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How To Choose Between Renting And Buying In 5 Easy Steps

  • 2 years ago
  • Blog
  • 1

Buying a home is undoubtedly a significant life decision, but is it the right one for you? Of course, there is no one-size-fits-all answer, as both renting and buying have advantages and disadvantages. However, your personal finances play a significant role in your decision-making process. Renting appears to be the most cost-effective alternative in most circumstances.

That isn’t always the case, though. Several lifestyle concerns, such as whether you desire freedom or stability, what your job aspirations are, and whether you want a location to genuinely call your own, can all influence your selection.

If you’re on the fence about whether to rent or buy, keep reading to learn what you should think about before making a decision.

Making Your Decision: A Step-by-Step Guide

  1. Determine how long you intend to stay in the same location.

To put it another way, do you want to plant roots in your community or do you want more flexibility?

Buying a home may make sense if you are positive you will stay in it for at least 5 years. That’s because it could be a wonderful fit both financially and emotionally, as you can add personal touches to make your house seem truly yours.

If you wish to be more nomadic, though, renting is the preferable alternative. Let’s say you’re adamant about getting that work promotion, but it’s halfway across the nation. You don’t want to have to deal with the stress of selling your home while looking for a new job.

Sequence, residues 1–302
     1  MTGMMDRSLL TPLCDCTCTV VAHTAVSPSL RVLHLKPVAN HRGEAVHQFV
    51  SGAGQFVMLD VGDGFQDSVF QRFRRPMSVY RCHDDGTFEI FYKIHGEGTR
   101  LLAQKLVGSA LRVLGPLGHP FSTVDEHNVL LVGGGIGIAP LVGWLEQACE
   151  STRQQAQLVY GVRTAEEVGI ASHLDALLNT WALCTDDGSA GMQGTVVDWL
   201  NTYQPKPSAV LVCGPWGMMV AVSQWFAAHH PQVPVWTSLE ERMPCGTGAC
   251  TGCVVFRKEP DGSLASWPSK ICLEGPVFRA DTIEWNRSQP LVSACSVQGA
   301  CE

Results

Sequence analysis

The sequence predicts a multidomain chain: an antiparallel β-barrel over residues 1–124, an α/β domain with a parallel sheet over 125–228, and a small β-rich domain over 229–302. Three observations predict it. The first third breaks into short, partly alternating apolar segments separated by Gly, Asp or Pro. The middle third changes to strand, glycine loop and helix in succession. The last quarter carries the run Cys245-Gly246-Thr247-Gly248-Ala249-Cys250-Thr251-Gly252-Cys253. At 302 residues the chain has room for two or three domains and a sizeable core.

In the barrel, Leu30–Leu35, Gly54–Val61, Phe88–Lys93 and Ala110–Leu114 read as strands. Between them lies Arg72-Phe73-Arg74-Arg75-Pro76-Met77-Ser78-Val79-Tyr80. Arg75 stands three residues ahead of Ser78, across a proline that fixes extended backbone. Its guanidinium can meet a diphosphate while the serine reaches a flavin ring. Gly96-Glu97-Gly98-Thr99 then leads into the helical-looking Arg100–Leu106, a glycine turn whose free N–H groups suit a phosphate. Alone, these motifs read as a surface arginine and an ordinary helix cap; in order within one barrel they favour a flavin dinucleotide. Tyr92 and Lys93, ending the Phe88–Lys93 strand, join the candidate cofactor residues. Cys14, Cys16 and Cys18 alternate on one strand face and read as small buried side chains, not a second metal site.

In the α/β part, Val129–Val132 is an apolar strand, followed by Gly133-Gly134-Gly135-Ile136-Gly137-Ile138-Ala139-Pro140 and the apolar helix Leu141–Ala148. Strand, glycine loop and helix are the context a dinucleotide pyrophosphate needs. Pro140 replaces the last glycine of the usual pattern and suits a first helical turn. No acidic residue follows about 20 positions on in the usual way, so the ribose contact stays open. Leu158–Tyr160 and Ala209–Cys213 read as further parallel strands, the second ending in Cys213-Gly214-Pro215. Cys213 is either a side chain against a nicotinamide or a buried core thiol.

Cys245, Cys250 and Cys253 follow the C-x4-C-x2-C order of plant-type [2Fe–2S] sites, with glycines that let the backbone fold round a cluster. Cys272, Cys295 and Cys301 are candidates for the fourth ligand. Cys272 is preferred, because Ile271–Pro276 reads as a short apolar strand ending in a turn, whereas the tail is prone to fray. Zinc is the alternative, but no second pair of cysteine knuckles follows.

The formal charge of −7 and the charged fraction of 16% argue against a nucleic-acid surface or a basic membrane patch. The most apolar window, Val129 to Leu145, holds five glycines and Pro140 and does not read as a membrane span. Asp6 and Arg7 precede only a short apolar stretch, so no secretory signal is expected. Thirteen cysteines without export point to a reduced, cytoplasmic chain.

Perhaps you’ve recently relocated to a new location and want to spend some time getting to know the different areas before settling down.

You can buy a house and then sell it in a few years, but the costs are too high. Aside from the initial closing and moving charges, you may incur additional closing costs when selling a home, on top of other expenses like repairs and renovations that would help the house sell for top money.

  1. Calculate the difference between renting and buying.

Because of the upfront fees, renting can often be less expensive than buying a home. A down payment, closing charges, moving costs, any improvements, and other property upkeep activities are all included.

However, just because you can afford a mortgage payment does not guarantee you can afford a home; costs add up quickly. You’ll have property taxes, homeowners insurance, and (in many cases) mortgage insurance, as well as homeowners association (HOA) fees in addition to a monthly payment that exceeds the principal and interest on your mortgage.

Buying a home, on the other hand, can save you money in the long term and allow you to create equity. When you sell your home, hopefully, its value has increased.

Buying a home is really less expensive in most locations of the United States. According to research by the National Association of REALTORS┬«, a homeowner’s mortgage payment is lower than a renter’s after six years. This assumes that the rent increases by 5% per year and that the homeowner pays a set monthly payment.